On the Relative Antiquity of B & Aleph
I. “Vix differt aetate a Codice Sinaitico,”, says Tischendorf, (ed. 8va, 1869, p. ix,) speaking of the Codex Vaticanus (B). Yet does he perpetually designate his own Sinaitic Codex (א) as “omnium antiquissimus.” Now,
א Lacks Ancient Features
(1) The (all but unique) sectional division of the Text of Codex B, — confessedly the oldest scheme of chapters extant, is in itself a striking note of primitiveness. The author of the Codex knew nothing, apparently, of the Eusebian method. But I venture further to suggest that the following peculiarities in Codex unmistakably indicate for it a later date than Codex B.
(2) Cod. א , (like C, and other later MSS.,) is broken up into short paragraphs throughout. The Vatican Codex, on the contrary, has very few breaks indeed: e.g. it is without break of any sort from S. Matth. xvii. 24 to xx. 17: whereas, within the same limits, there are in Cod. א as many as thirty interruptions of the context. From S. Mark xiii. 1 to the end of the Gospel the text is absolutely continuous in Codex B, except in one place: but in Cod. א it is interrupted upwards of fifty times. Again: from S. Luke xvii. 11, to the end of the Gospel there is but one break in Codex B. But it is broken into well nigh an hundred and fifty short paragraphs in Cod. א . There can be no doubt that the unbroken text of Codex B, (resembling the style of the papyrus of Hyperides published by Mr. Babington,) is the more ancient. The only places where it approximates to the method of Cod. א , is where the Command- ments are briefly recited (S. Matth. xix. 18, &c.), and where our LORD proclaims the eight Beatitudes (S. Matth. v.)
(3) Again; Cod. א is prone to exhibit, on extraordinary occasions, a single word in a line, as at —
S. MATTH. XV. 30.
S. MARK X. 29.
S. LUKE XIV. 13
This became a prevailing fashion in the 6th century; e.g. when the Cod. Laudianus of the Acts (E) was written. The only trace of anything of the kind in Cod. B is at the Genealogy of our LORD.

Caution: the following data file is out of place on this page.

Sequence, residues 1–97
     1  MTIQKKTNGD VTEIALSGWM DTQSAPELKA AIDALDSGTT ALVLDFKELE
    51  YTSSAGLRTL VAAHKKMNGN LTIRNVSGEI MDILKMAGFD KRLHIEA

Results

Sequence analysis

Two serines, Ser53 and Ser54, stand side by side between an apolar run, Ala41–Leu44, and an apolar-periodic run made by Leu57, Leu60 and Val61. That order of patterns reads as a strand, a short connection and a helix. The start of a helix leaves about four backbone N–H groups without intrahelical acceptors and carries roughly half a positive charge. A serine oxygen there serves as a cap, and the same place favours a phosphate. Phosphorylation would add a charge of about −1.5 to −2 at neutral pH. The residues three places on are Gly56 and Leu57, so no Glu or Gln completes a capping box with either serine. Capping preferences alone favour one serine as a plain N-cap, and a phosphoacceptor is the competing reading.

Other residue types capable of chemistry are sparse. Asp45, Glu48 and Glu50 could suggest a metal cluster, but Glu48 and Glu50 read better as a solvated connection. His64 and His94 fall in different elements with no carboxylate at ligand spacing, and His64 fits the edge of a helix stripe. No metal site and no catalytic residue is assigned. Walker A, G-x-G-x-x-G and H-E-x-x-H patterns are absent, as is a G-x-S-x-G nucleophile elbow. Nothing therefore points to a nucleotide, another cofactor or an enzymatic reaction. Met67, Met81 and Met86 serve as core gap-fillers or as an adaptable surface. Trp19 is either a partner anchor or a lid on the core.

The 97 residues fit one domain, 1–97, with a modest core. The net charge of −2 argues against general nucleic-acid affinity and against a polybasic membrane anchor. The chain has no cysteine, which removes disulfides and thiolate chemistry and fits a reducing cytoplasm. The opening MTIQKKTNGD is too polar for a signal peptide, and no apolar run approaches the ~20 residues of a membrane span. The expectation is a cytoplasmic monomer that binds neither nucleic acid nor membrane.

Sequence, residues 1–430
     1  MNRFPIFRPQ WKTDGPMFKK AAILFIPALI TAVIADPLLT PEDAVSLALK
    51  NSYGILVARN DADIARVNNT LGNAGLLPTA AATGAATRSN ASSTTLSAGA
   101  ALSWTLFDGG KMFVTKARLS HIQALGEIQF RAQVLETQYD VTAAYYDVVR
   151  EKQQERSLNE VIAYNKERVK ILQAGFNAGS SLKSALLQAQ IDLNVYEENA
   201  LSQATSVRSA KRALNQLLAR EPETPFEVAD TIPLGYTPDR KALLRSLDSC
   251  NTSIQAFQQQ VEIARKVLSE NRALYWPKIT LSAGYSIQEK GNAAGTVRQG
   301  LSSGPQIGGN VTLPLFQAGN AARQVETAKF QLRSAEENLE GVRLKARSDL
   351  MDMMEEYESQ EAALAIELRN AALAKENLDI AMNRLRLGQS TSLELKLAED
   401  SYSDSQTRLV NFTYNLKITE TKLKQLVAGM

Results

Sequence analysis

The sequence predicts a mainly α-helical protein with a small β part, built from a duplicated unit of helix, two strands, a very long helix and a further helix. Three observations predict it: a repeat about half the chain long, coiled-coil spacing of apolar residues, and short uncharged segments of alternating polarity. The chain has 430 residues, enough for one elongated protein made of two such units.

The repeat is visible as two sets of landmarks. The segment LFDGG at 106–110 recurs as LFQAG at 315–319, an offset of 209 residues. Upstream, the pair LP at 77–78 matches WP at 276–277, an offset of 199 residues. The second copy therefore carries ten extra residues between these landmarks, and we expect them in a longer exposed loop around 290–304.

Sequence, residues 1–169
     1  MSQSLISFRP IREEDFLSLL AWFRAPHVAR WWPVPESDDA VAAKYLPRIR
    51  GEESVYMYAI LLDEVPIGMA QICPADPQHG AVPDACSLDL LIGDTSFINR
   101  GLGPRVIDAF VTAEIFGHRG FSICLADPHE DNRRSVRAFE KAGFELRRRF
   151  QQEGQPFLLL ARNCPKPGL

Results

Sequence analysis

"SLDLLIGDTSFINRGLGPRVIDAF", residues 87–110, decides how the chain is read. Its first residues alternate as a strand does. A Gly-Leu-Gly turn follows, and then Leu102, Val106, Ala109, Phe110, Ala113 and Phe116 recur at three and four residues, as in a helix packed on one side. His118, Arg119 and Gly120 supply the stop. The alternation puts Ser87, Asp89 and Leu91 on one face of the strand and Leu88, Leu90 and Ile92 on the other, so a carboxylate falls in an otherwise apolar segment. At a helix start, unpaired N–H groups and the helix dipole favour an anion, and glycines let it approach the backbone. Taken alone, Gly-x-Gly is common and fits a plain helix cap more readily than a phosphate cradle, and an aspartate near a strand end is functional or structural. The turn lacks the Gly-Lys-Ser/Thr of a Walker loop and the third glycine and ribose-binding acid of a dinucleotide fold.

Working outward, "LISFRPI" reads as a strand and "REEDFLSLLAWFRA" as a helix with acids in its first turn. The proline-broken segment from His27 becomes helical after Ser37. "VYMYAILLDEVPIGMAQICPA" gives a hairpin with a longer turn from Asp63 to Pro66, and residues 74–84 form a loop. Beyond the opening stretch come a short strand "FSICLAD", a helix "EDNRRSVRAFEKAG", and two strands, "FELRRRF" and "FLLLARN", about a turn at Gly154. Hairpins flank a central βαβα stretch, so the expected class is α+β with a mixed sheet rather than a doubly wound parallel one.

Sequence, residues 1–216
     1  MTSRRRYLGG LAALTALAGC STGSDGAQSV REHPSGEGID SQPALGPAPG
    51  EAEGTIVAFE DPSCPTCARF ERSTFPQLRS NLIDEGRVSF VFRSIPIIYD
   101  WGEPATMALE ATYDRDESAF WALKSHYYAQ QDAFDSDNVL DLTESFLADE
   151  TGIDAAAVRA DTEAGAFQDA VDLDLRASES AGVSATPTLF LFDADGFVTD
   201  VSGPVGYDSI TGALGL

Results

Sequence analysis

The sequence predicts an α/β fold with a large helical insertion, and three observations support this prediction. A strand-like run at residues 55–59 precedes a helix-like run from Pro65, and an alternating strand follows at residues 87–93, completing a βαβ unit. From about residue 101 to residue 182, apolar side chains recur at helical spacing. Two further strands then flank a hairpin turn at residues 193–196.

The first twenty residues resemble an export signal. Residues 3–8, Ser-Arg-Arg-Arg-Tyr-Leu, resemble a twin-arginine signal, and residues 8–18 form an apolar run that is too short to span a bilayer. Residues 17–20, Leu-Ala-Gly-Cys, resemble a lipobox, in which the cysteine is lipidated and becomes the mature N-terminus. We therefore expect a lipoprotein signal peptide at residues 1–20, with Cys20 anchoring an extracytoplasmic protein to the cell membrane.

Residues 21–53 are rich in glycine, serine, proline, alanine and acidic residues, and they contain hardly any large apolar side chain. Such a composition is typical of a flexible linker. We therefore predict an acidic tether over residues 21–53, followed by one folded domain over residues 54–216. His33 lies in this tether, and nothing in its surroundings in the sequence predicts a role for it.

(4) At the commencement of every fresh paragraph, the initial letter in Cod. slightly projects into the margin, — beyond the left hand edge of the column; as usual in all later MSS. This characteristic is only not undiscoverable in Cod. B. Instances of it there are in the earlier Codex; but they are of exceedingly rare occurrence.
(5) Further; Cod. א abounds in such contractions as ΑΝΟΣ, ΟΥΝΟΣ (with all their cases), for ΑΝΘΡΩΠΟΣ, ΟΥΡΑΝΟΣ, &c. Not only ΠΝΑ, ΠΗΡ, ΠΕΡ, ΠΡΑ, ΜΡΑ (for πνευμα, πατηρ-τερ,-τερα, μητερα ), but also ΣΤΡΘΗ, ΙΗΛ, ΙΗΛΗΜ, for Σταυρωθη, Ισραηλ, Ιερουσαλεμ.
But Cod. B, though familiar with ΙΣ (Ιησους), and a few other of the most ordinary abbreviations, knows nothing of these compendia: which certainly cannot have existed in the earliest copies of all. Once more, it seems reasonable to suppose that their constant occurrence in Cod א indicates for that Codex a date subsequent to Cod. B.
(6) The very discrepancy observable between these two Codices in their method of dealing with “the last twelve verses of S. Mark's Gospel,” (already adverted to at p. 88,) is a further indication, and as it seems to the present writer a very striking one, that Cod. B is the older of the two. Cod. א is evidently familiar with the phenomenon which astonishes Cod. B by its novelty and strangeness.
(7) But the most striking feature of difference, after all, is only to be recognised by one who surveys the Codices themselves with attention. It is that general air of primitiveness in Cod. B which makes itself at once felt. The even symmetry of the unbroken columns; — the work of the prima manus everywhere vanishing through sheer antiquity; — the small, even, square writing, which partly recalls the style of the Herculanean rolls; partly, the papyrus fragments of the Oration against Demosthenes (published by Harris in 1848): — all these notes of superior antiquity infallibly set Cod. B before Cod.א; though it may be impossible to determine whether by 50, by 75, or by 100 years."
The special feature we discussed in the previous article, Dean Burgon had not noted, but in point (4) he fully notices the general frequency of "outdenting" the first letter of every paragraph so prevalent in Sinaiticus but almost nonexistent in Vaticanus, itself suggesting a significant difference in style and age.